We publish Profit Confidential daily for our Lombardi Financial customers because we
believe many of those reporting today's financial news simply don't know what they are
telling you! Reporters are trained to tell you the news--not what it can mean for you!
What you read in the popular news services, be it the daily newspapers, on the internet
or TV, is the news from a "reporter's opinion." And there's the big difference.
The Best Stocks
Gold Stock Picking
Real Estate Investment
Real Estate Market
What These Two Big Benchmark Stocks Are
Telling Us About the Economy Now
By Michael Lombardi, MBA for Profit Confidential
Two very confusing signals today about the economy
come courtesy of two big benchmark stocks.
Wal-Mart Stores, Inc. (NYSE/WMT) missed analyst earnings
expectations yesterday. The world's largest retailer earned
2.9% less in its fiscal third quarter of 2011 compared to the
same period of 2010. But here's the important part:
Wal-Mart reported yesterday that sales at its stores open at
least one year rose a pathetic 1.3% in the third quarter.
Sales at Wal-Mart, a company that caters to the lower end
of retail, are growing at a slower pace than American
Now let's move to another big retailer and another
benchmark stock, The Home Depot Inc. (NYSE/HD). The
world's biggest home improvement retailer saw its earning
jump a big 12% in the third quarter of 2011, compared to
same period of last year.
If we look at the all-important same-store sales, we see that
benchmark stock Home Depot reported that stores open
at least one year saw sales grow 3.8% in the U.S. in the third
quarter of 2011, compared to the third quarter of 2010.
Why are same-store sales pathetic at benchmark stock
Wal-Mart (actually a concern), while same-store sales are
rising at benchmark stock Home Depot? Simple answers.
The persistent high unemployment in the U.S. is having a
huge impact on low-end retail. At the beginning of a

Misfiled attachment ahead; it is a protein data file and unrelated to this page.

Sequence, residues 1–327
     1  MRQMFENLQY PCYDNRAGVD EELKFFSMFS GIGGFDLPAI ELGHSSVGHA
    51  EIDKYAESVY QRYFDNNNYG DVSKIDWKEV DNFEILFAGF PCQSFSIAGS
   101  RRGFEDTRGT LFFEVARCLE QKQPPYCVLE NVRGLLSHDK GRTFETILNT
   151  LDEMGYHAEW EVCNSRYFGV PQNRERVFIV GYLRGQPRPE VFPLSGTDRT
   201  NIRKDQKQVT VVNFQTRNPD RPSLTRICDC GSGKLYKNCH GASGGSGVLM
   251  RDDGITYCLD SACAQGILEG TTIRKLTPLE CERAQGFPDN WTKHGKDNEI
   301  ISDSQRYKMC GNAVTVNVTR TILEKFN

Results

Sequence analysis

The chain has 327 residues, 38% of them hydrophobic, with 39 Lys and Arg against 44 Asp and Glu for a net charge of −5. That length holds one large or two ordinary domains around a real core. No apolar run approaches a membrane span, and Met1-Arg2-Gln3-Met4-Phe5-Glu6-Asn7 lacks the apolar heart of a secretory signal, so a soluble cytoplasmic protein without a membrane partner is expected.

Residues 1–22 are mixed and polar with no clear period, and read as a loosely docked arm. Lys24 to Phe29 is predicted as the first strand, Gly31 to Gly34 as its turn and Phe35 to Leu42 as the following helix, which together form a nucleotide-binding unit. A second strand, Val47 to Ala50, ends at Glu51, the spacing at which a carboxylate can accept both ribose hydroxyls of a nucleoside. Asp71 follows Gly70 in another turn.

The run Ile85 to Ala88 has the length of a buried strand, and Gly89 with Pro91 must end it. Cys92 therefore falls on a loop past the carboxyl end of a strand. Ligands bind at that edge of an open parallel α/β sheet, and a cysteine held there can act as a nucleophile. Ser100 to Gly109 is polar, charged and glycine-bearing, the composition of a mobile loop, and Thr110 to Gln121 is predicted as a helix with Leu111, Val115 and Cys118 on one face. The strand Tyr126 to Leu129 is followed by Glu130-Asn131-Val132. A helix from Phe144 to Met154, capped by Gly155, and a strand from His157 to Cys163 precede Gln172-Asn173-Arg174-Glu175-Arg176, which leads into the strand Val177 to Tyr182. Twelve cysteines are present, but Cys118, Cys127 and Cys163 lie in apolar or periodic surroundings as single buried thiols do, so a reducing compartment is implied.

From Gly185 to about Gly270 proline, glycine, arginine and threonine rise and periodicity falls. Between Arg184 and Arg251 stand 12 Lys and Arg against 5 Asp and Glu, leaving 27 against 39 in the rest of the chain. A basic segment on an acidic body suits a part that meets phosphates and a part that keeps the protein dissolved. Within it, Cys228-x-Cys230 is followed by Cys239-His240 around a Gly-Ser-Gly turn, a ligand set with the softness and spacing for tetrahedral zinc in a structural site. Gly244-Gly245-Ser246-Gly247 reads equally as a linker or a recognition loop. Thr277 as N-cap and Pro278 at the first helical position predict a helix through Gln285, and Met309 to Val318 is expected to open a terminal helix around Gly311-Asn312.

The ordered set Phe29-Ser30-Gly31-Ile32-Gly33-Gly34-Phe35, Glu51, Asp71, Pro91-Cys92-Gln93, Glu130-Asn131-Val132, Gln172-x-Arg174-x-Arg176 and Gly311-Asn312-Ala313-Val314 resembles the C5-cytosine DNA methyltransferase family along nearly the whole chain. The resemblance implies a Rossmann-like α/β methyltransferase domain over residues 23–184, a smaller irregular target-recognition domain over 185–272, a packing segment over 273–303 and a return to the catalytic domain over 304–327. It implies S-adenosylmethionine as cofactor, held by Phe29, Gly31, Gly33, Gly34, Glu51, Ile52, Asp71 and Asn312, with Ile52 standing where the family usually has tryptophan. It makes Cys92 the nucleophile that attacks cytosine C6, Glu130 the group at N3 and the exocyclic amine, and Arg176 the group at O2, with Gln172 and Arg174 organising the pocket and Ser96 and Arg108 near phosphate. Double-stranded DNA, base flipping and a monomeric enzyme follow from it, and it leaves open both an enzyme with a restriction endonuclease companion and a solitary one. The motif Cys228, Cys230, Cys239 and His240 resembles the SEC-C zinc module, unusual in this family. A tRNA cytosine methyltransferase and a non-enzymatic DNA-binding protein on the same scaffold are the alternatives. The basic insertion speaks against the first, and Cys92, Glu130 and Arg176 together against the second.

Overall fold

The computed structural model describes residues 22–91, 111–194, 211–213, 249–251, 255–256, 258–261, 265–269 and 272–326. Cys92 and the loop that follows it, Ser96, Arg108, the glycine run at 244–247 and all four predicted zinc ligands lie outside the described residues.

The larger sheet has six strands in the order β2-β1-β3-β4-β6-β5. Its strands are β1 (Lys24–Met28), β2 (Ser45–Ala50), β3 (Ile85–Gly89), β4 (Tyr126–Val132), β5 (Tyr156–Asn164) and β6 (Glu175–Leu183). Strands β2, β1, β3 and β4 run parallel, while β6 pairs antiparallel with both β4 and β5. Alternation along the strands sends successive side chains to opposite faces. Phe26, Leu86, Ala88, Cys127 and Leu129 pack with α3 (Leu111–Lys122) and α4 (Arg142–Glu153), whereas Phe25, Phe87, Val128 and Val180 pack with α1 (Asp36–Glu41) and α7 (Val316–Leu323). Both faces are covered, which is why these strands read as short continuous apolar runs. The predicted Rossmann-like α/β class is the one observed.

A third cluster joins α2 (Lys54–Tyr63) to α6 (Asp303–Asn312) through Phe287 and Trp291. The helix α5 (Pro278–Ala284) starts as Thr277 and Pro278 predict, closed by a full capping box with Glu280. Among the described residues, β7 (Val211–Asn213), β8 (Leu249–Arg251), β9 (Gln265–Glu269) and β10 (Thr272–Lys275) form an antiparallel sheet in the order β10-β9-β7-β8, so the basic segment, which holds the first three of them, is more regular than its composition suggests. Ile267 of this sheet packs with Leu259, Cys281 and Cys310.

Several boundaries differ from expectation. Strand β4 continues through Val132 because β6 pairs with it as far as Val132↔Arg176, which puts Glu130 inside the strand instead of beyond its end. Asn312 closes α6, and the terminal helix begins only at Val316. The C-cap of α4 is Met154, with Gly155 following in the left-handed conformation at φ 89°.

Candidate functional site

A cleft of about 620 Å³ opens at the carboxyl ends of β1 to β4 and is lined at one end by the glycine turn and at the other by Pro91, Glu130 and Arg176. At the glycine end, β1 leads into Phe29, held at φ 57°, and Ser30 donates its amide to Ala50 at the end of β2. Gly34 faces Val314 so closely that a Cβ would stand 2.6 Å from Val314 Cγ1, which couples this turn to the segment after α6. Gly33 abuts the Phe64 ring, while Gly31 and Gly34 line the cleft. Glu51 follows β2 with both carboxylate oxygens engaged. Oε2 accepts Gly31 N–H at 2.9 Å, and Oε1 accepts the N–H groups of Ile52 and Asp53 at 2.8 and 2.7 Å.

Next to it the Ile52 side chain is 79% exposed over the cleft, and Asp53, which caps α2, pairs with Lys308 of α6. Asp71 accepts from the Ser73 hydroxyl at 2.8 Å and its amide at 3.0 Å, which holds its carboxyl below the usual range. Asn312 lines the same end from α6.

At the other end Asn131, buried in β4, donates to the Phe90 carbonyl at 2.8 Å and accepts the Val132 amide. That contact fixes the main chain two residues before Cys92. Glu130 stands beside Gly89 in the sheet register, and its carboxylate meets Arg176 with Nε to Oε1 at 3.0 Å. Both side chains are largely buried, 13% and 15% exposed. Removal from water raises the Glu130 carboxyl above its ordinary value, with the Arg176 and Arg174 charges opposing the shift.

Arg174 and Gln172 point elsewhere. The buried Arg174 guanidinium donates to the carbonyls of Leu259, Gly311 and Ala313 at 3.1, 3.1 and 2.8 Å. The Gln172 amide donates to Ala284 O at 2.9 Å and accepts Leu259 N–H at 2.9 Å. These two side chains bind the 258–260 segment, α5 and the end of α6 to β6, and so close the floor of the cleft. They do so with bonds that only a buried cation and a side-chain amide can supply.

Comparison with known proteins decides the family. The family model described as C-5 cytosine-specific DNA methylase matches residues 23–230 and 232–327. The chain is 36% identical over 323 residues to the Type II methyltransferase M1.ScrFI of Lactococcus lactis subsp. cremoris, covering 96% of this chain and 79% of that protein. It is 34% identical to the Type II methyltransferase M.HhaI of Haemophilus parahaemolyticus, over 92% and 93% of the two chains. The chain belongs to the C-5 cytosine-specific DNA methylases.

recession, you see consumers cut high-end retail spending
and increase low-end retail spending. But, as the economy
has not turned around, with the underemployment rate at
about 16%, consumers are cutting back on all kinds of
spending, including low-end retail. We clearly see this in
benchmark stock Wal-Mart.
The really important numbers to help us understand what
kind of economic year we will have in 2012 will be the
Christmas 2011 retail sales in the U.S.--and we'll be
watching them like a hawk. Wal-Mart's poor same-store
sales number is another red flag for the U.S. economy.
As for Home Depot, the real estate market in the U.S. is
still in disarray. People are not upgrading their homes,
because bank financing is hard to get and because
the underlying fear that property prices will fall further
persists. So, what do homeowners do if they are not
upgrading their homes? They improve what they
have...which is why benchmark stock Home Depot's
same-stores sales have risen 3.8%.
Michael's Personal Notes:
While I see it's not getting much mainstream media attention,
what's happening in California with its finances could turn out to
be of great concern for all of America.
In case you are not familiar with the situation, in June, California
Governor Jerry Brown adopted an $86.0-billion budget. To get
the Democratic-led budget through, the state government
made concessions in its plan, which I call built-in austerity
If California state revenue falls $1.0 billion, California's two major
universities will need to cut their budgets by $100 million each
(austerity measures). If the state revenue shortfal comes in at
$2.0 billion, the school year will be cut by seven days to save
millions and $248 million in school bus subsidies will vanish (more
austerity measures). These crazy austerity measures type triggers
were built into the state budget to win Republican support for the
Here's the bad news...
California is only four months into its current fiscal year
and state tax collections are already off $1.5 billion!
And since the fiscal year started, the state
government has spent $1.7 billion more than it has
budgeted! The austerity measures, although they will
not go into effect until February, look almost certain.
It's ironic that the biggest austerity government cuts
this nation will start to see will come from the state that
lays claim to some of the highest real estate prices in
the world. Looks like this one will play out just like a
Hollywood movie, but without a good ending.
Where the Market Stands: Where it's Headed:
The Dow Jones Industrial Average opens this morning
up 4.7% for 2011, excluding dividends. I'm convinced
that if it were not for the economic crisis in the
eurozone, the stock market would be trading much
higher. Europe's economic issues are a problem for
American banks that have exposure to bonds issued
by euro countries with high debt levels relative to their
We are in an aging bear market rally that started in
March of 2009.
What He Said:
"Recipe for Catastrophe: To me, the accelerated rate
at which American consumers are spending, coupled
with the drastic decline in the amount of their savings,
is a recipe for a financial catastrophe." Michael
Lombardi in PROFIT CONFIDENTIAL, September 7, 2005.
Michael started talking about and predicting the
financial catastrophe we began experiencing in 2008
long before anyone else.
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